Life After COVID-19
It’s a Changing World—But we Endure and Adapt
As 2020 began, many reflected on the last decade and all that has occurred since 2010, and began to look toward all of the hopeful possibilities that would come with a new decade. We nodded to our history, teasing that it was a new, updated era of the Roaring ‘20s—If we only knew how roaring 2020 would be!
We’ve (Sort of) Been Here Before
Over the last several weeks, the world has changed. Our lives have taken many unexpected turns and each of us continue to be impacted in ways large and small with regard to health, wellness, finances, family, daily routines, and so much more. And while no two people are affected by this pandemic in the same way, we are all experiencing it together.
It’s truly a different animal—a once-in-a-hundred-year event. Yet somehow, it feels familiar. Ten years ago, our industry was forcibly and drastically changed by the 2008-2009 Recession. As an industry, we recognized that change was not simply rising from a desire to be better, but out of necessity to survive a changing world and remain relevant in members’ lives. Sadly, some clubs were forced to close their doors; but those who pivoted with the times managed to not only survive, but thrive.
In many cases, the industry’s focus shifted from largely male-dominated, business-related purposes to a new model that catered to the complexities of a multi-generational membership with family-friendly programs and services that strike a balance. Amenity offerings in private clubs and communities suddenly needed to satisfy vastly different interests in a clubhouse or campus that hosted up to four generations of members and residents actively using it at any given time.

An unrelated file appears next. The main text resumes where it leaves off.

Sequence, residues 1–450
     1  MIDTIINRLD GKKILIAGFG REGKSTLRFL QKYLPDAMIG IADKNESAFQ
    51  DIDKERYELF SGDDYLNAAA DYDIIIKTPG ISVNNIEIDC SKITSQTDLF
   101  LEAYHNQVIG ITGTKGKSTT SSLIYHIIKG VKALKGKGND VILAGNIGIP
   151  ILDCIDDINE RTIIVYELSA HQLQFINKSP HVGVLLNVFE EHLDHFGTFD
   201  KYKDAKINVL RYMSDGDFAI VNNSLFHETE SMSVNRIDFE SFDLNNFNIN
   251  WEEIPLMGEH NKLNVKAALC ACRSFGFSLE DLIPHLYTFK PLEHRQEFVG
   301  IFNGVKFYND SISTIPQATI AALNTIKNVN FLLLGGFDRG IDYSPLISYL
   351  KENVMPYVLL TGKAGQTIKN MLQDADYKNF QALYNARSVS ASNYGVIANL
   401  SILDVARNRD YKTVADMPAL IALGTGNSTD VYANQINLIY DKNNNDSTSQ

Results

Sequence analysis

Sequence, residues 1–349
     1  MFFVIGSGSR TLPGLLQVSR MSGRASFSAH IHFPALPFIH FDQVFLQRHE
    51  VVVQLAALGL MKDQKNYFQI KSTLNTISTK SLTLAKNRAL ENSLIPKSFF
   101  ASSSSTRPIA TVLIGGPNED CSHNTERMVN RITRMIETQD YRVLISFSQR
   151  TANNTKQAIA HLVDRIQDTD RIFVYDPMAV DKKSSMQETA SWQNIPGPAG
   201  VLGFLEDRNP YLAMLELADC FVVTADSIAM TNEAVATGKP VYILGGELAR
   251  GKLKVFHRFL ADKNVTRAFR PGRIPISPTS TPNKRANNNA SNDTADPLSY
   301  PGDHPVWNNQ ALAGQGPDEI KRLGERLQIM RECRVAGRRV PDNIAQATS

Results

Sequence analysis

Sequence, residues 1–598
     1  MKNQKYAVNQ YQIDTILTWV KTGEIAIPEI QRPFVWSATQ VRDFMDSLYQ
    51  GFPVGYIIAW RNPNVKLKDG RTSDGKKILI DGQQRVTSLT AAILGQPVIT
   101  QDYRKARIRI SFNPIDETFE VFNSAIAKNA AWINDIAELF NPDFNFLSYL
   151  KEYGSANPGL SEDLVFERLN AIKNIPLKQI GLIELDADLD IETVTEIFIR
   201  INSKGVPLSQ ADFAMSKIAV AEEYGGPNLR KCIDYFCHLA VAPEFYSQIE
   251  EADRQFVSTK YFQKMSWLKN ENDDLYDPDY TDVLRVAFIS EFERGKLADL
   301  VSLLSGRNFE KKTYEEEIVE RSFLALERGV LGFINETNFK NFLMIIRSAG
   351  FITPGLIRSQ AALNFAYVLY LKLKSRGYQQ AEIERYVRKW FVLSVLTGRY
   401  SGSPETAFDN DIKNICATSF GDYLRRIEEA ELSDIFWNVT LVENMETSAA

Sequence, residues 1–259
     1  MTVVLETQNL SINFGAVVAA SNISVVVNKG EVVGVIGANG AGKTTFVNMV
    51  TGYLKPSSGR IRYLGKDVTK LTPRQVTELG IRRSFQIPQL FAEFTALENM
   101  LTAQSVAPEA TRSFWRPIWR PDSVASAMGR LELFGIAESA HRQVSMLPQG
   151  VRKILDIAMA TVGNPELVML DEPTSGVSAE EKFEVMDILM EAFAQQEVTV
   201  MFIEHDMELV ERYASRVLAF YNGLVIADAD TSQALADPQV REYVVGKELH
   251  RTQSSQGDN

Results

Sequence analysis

We’re All Working Together
Now again, there is great fear and uncertainty as the world grapples with understanding the intricacies of the invisible and deadly coronavirus (COVID-19). This time, it is not only a financial crisis, but a health crisis as well. But if there can be any silver lining to the current situation to speak of, it is that we are actually more prepared to respond to the effects of this crisis now than ever before.
We can take comfort in knowing that some of the world’s most brilliant doctors and medical professionals are coming together—globally—to pool resources and fight this virus. In the past, it has taken the medical community months, or even years, to identify new viruses or diseases and understand the causes; in the case of COVID-19, it took mere weeks to identify the virus. And in a few short months, we’ve not only developed tests to understand it, but have also made significant progress in the race to develop a vaccine and defeat it.
And just as the world is better equipped, so is our industry as a whole. In Chambers’ 121-year history, we have endured significant, global events that have had tremendous impacts on our industry. Through the Great Depression, World Wars, Spanish Flu, September 11th and the Great Recession, we have remained steadfast in our leadership to do what is necessary to prevail, and we will continue to do so as we navigate the coronavirus pandemic. We adapted in 2010, we’ve learned from the last decade, and we will adapt again now.